“I was always supposed to be The T-Shirt Lady,” says The T-Shirt Lady & Son Owner Iesia Earl. In 2001, Earl moved to Atlanta, a single mom who felt she wasn’t able to spend the time she wanted with her then toddler-aged son. Before becoming the T-Shirt Lady, she worked in the legal field and was looking for a way to spend more time with her family. The business started with just T-shirts, eventually expanding to other promotional items like keychains, stickers, and mugs.
It started with a T-shirt
While she can’t recall the first T-shirt she printed, one print sticks out in her mind: a Rest in Peace T-shirt commissioned in the early days of the business. “They’re all meaningful, you know, because I just appreciate the fact that someone’s coming to me, to allow me to create something for them, for them to allow me to do what I love,” says Earl.
“When they came and picked it up, I didn’t know why they were so emotional. I just thought it was because of the passing of the family member, but, it was the fact that when I scanned the image there was a teardrop on that picture,” says Earl. Having unwittingly scanned a teardrop onto the image, she left it there, not correcting the mistake immediately as other printers might do. It was the first time she felt like she was doing something meaningful. Earl realized the service she was providing was more than simply making a T-shirt.
Earl started by selling all kinds of apparel out of her car, soon setting up a physical location. Over time she noticed that customers would come in and buy several shirts alongside a single pair of pants. This trend only grew as customers began asking for help matching shirts to hats or sneakers and, before she knew it, Earl was searching the internet for instructions on how to screen print T-shirts. Within a year and a half of starting the clothing store, The T-Shirt Lady & Son officially transitioned to making shirts.
Today The T-Shirt Lady & Son, a mother-and-son printing agency, offers customized promotional products with print methods ranging from screen printing to embroidery. The business counts Hertz, Disney, Ikea, Target, and Netflix amongst its high-profile customers.
Growing the business online
Earl counts herself among the fortunate businesses who were able to operate successfully and even grow in 2020. Online orders have always been a meaningful driver for the business — most of its deals were coming through the website. In fact, three years prior, Earl was already considering taking the business exclusively online. She temporarily shut down her shop in accordance with local safety regulations at the onset of the pandemic. This ultimately pushed her to close the brick-and-mortar location completely and move to a private studio.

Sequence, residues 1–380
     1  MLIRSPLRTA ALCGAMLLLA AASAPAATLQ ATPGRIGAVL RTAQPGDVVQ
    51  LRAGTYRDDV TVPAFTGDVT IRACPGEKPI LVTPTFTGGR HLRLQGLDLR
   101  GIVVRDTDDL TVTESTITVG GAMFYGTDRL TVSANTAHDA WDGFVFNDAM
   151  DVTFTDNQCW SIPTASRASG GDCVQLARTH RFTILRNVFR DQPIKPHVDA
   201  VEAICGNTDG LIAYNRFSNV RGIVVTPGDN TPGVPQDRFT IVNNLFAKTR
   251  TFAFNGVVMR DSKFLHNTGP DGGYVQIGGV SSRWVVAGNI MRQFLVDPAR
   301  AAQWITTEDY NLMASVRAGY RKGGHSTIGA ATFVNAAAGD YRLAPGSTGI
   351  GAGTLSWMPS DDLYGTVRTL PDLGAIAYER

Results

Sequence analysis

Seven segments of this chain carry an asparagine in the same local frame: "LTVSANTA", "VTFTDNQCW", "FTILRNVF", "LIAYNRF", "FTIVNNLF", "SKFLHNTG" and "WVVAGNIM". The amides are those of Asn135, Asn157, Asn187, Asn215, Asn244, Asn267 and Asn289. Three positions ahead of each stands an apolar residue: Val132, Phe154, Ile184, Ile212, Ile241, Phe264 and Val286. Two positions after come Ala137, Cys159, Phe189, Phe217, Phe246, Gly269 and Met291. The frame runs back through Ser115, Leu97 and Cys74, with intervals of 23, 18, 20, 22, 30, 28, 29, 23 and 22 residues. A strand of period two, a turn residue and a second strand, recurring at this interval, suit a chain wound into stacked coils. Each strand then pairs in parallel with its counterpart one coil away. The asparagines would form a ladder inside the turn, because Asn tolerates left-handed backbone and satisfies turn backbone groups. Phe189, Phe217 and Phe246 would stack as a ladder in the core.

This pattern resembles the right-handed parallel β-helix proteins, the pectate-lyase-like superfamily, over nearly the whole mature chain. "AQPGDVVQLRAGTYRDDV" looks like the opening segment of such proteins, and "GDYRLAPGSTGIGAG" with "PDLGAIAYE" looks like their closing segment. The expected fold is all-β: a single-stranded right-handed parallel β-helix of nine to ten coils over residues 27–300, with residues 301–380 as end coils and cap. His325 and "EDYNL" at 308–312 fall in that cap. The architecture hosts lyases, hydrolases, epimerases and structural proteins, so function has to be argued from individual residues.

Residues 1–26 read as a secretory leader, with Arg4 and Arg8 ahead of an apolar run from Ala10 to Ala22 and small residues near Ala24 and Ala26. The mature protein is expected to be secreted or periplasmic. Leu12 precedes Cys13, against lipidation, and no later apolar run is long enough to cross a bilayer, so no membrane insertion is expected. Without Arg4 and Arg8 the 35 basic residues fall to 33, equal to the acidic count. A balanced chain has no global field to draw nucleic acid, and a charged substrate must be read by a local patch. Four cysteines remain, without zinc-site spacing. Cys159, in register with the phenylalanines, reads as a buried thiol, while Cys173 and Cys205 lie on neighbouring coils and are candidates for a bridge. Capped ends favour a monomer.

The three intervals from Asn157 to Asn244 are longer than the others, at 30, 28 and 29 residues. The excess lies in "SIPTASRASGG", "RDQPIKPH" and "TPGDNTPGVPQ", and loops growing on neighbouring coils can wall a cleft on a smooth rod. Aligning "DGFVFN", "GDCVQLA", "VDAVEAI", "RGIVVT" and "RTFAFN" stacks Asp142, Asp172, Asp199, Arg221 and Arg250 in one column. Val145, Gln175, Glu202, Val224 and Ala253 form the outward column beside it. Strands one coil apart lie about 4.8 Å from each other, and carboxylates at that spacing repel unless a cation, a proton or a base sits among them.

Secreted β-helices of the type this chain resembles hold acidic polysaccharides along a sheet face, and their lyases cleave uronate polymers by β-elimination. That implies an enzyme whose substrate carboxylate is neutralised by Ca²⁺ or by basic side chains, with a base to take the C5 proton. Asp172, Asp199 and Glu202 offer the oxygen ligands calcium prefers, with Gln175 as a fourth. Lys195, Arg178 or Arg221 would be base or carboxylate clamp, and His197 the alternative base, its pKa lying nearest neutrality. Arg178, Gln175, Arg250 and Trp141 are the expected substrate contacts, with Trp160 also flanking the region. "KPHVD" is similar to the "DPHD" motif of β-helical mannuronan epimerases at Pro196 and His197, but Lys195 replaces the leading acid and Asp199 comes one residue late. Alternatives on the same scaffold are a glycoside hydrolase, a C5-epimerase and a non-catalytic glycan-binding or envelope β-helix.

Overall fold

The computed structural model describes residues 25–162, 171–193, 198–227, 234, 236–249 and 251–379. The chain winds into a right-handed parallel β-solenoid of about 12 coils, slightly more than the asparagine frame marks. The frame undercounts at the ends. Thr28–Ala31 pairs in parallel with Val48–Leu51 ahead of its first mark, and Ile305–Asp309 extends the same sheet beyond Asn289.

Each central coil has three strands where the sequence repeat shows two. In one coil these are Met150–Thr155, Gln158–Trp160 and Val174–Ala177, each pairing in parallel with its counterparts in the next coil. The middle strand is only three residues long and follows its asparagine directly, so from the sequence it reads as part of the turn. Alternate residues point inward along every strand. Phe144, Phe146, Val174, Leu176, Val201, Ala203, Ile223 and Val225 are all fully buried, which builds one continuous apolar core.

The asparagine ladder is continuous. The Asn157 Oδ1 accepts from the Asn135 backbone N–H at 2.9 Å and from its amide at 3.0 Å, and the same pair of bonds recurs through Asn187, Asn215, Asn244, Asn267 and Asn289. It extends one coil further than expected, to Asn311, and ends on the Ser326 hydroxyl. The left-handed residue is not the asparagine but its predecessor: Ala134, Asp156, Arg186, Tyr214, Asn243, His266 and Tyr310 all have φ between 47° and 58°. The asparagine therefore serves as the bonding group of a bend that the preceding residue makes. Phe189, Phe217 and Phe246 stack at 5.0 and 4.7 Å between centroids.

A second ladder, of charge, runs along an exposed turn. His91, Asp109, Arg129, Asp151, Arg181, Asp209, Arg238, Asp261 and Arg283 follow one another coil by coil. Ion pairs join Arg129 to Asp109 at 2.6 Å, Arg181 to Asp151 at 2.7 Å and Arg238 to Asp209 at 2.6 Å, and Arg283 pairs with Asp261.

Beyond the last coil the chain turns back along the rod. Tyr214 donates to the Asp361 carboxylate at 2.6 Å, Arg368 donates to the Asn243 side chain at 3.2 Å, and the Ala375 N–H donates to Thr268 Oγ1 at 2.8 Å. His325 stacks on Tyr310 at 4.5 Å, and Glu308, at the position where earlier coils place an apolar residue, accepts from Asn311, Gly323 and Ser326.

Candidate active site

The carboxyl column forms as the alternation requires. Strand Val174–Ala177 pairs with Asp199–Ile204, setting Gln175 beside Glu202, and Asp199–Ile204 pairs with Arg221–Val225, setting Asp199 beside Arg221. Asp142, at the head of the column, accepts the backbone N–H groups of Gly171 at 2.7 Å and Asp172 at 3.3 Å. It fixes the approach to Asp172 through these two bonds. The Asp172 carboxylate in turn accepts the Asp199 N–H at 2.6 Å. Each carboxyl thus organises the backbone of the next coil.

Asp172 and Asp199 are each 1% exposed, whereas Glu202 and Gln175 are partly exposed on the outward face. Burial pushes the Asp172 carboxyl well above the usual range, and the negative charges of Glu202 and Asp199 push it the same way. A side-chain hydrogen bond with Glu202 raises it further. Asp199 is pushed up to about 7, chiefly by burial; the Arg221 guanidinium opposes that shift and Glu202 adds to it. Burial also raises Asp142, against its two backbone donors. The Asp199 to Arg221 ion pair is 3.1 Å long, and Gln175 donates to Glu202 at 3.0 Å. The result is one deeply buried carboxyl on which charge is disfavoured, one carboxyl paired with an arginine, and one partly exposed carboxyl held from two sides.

“I just was lost at first and then out of nowhere, I started getting contracts with big businesses,” she says. “I won’t ever forget, you know. I mean, they could have chosen anyone else.” Within two weeks of having to close the physical location her client base had changed, and her revenue along with it. Large clients began discovering The T-Shirt Lady & Son online. From there they referred others by word of mouth. She says if you look at her client list on her website, the last five were acquired during COVID alone.
The process of adapting wasn’t without challenges. Earl counts delays in her supply chain and package deliveries to clients as some of the unexpected and most demanding friction points for her operation. While she’s not saying no to the possibility of reopening a brick-and-mortar location, she feels that the next likely step would be a warehouse rather than a store.
Laying plans for the future
Earl started the business without a formal business plan, but recently she found a list of goals from a few years back.
“When I pulled out the goals, I was able to check off so many things that I didn’t realize that I was even achieving.” She says that while she didn’t realize she was checking them off, she’d advise others to start with a goal list as well. “Make sure that they’re realistic, because a lot of times we put things down on paper that aren’t realistic and beat ourselves up because we didn’t achieve that, but you need to get the small things done.”
The small things she says are the ones that build character in order to complete the big things. Her biggest mistake early on was thinking she had to do everything all at once. When she started the business, she had no machines and much of her free time was spent with a hand on a heat press. As the business grew, so did her equipment, adding in-house embroidery machines, heat presses, screen printing machines, and vinyl cutters, among other tools.
She says moving forward she has plans for the T-Shirt Lady & Son, a university that will teach people the business beyond the printing part. She’s begun experimenting on Youtube, showing some behind the scenes of the business, and sharing some business tips and printing methods as she shares her day-to-day routine.
“A lot of people come to me and they want to know how you print, how do you do this? How did you get the contract you got?” says Earl “You know, I tell them, it’s the printing that is the fun part. I want to offer printing and classes like that in a sense, but I’m also going to teach business as well.”
Earl has been talking to her son about generational wealth since he was a baby. She added him to the logo early on — making him a part of the business was always part of the plan. “I always implemented the idea of, you know, leaving a legacy and having genuine and true wealth,” she says. Today, her son helps with everything from answering phones to interacting with clients.
“I feel secure that, you know, if something was to happen to me that he’ll be fine. And that he will be able to carry on our business and continue because honestly, right now, he can actually run this business without me.”
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